The SGP is the product of low-level (925hPa) absolute vorticity, inverse of the shear between 925 hPa and 200 hPa, relative humidity between 700 hPa and 500 hPa, moist stability in the layer between 1000 hPa and 500 hPa, and thermal energy in the layer between the surface and 60 meters based on a threshold temperature of 26 degrees C. The climatological values of SGP are calculated for the Atlantic and eastern Pacific and averaged over the hurricane season of June through November (Figure 1a). The actual initiation points of tropical storms formed based on the best track hurricane database for the years 1974-2007 are also shown (Figure 1e). The climatological SGP shows the well-known climatologically favored regions for tropical cyclone development. For example, the larger values of SGP indicate that the eastern Pacific along the coast of Central America is the most favored region for tropical cyclones to develop. This is consistent with the actual formation of tropical cyclones seen in Figure 1e. Additionally, the region referred to as the main development region (MDR) in the Atlantic is also apparent and consistent with the tropical storm formation in the eastern Atlantic. It is also apparent that the Caribbean, Gulf of Mexico, southeastern coast of the United States, and Pacific out to the dateline are climatologically favored regions for tropical cyclone development based on both the SGP and the historical tropical cyclone formations. The standard deviation of SGP (Figure 1c) shows that the regions of highest SGP are also the regions with the largest variability. The GPI is the product of low-level (850 hPa) absolute vorticity, relative humidity at 700 hPa, shear between 200 hPa and 850 hPa, and the potential wind intensity that could be obtained if a tropical system developed. The details of the calculation of potential intensity can found in Emanual and Nolan (2004). The potential intensity combines much of the same information contained in the ocean thermal energy and moisture stability terms in the SGP, but avoids the need to use a fixed threshold value for temperature. The climatological values of GPI and its standard deviation are calculated and averaged over the hurricane season (Figure 1b,d). The climatologically favored regions for tropical cyclone development are consistent with those calculated by SGP and by historical development including the dominance of the eastern Pacific, the MDR in the Atlantic, the Gulf of Mexico and east coast of the United States. The standard deviation again shows that the regions with the largest mean also have the largest variability. The most obvious difference between SGP and GPI are the non-zero values of GPI that extend from 30N to 50N in both basins. These differences are due primarily to the 26C threshold in temperature used in the SGP calculation since SSTs are typically colder than 26C this far north, the SGP is zero in these regions.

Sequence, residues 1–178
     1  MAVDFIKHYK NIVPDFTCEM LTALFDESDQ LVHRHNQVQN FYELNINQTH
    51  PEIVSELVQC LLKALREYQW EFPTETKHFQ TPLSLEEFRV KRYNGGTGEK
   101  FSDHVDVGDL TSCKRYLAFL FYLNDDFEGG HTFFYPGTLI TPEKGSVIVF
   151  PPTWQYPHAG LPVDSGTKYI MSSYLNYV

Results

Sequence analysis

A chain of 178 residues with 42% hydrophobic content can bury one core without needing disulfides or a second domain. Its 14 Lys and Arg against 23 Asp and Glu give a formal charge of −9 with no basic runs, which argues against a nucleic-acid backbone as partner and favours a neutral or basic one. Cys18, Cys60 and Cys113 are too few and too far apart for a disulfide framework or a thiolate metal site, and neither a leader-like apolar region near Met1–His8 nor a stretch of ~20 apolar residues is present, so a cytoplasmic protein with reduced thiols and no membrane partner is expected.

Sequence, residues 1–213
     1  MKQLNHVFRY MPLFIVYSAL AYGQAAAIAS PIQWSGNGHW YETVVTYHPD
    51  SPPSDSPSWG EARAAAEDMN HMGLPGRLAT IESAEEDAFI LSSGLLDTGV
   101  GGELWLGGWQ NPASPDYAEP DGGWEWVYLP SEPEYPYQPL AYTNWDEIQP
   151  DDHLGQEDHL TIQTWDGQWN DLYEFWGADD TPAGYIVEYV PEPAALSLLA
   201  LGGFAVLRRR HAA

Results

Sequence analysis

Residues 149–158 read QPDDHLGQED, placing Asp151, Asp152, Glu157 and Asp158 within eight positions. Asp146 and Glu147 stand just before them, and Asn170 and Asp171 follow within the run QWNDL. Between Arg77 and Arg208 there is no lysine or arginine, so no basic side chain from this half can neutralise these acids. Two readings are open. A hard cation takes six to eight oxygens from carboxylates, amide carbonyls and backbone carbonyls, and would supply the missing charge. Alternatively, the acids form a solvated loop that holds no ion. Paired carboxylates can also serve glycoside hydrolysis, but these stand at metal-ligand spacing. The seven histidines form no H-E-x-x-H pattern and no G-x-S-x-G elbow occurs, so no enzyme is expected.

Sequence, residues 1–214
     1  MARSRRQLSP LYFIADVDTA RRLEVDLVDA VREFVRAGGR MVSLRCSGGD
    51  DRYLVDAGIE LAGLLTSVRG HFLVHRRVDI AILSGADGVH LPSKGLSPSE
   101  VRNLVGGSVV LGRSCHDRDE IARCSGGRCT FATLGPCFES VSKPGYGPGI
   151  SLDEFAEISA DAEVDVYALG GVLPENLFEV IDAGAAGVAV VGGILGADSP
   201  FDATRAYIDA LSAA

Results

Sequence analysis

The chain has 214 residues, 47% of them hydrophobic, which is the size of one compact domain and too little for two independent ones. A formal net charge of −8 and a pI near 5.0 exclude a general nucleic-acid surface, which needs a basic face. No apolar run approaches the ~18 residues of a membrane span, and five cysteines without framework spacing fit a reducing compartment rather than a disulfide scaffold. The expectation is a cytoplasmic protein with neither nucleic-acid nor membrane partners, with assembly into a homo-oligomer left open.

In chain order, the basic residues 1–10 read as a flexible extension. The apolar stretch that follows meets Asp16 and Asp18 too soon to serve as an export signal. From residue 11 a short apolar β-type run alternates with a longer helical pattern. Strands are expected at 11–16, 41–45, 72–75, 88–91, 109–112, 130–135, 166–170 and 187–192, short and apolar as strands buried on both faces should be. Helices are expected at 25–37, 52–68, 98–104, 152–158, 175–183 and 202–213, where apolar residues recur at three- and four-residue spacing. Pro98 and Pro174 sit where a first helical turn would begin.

3. Observed relationship between the MJO and hurricane activity

In this section, we investigate this relationship using the SGP and GPI indices calculated from Reanalysis and compare with historical hurricane activity. Specifically, we attempt to quantify the relationship between the MJO and tropical cyclone activity in terms of the hurricane indices in order to assess some implications for using the MJO to predict periods of increased or decreased probability of tropical cyclone activity.

In order to provide a reference for identifying the phase of the MJO and the relationship with hurricane activity, we first calculate composite MJO events by phase for the observed NOAA/AVHRR OLR during the Atlantic hurricane season (Jun-Nov). First, a five-day running mean is applied to the OLR data to remove short timescale weather variations. Then, the anomalies are determined by removing an average annual and semi-annual cycle. A MJO event is determined to occur when the amplitude of RMM1 and RMM2 is greater than one. The anomalous OLR is averaged for each phase of the MJO to calculate a composite MJO event (Figure 2a). In phase one, enhanced convection indicated by negative OLR anomalies are present over the Western Hemisphere and off the coast of Africa in the westernmost part of the Indian Ocean. The anomalies propagate eastward and increase in amplitude in the Indian Ocean during phases two and three, then across the Maritime Continent during phases four and five. In phases six, the convection moves into the western Pacific Ocean, then north and eastward in phase seven. By phase eight, the convection is located over central America. The corresponding region of suppressed convection is also present and propagates eastward ahead of the region of enhanced convection. It is also important to point out the convective anomalies near the Americas associated with the MJO. For example, phases 1 and 8 have enhanced convective anomalies in this region while phases 4 and 5 have suppressed convective anomalies in this region.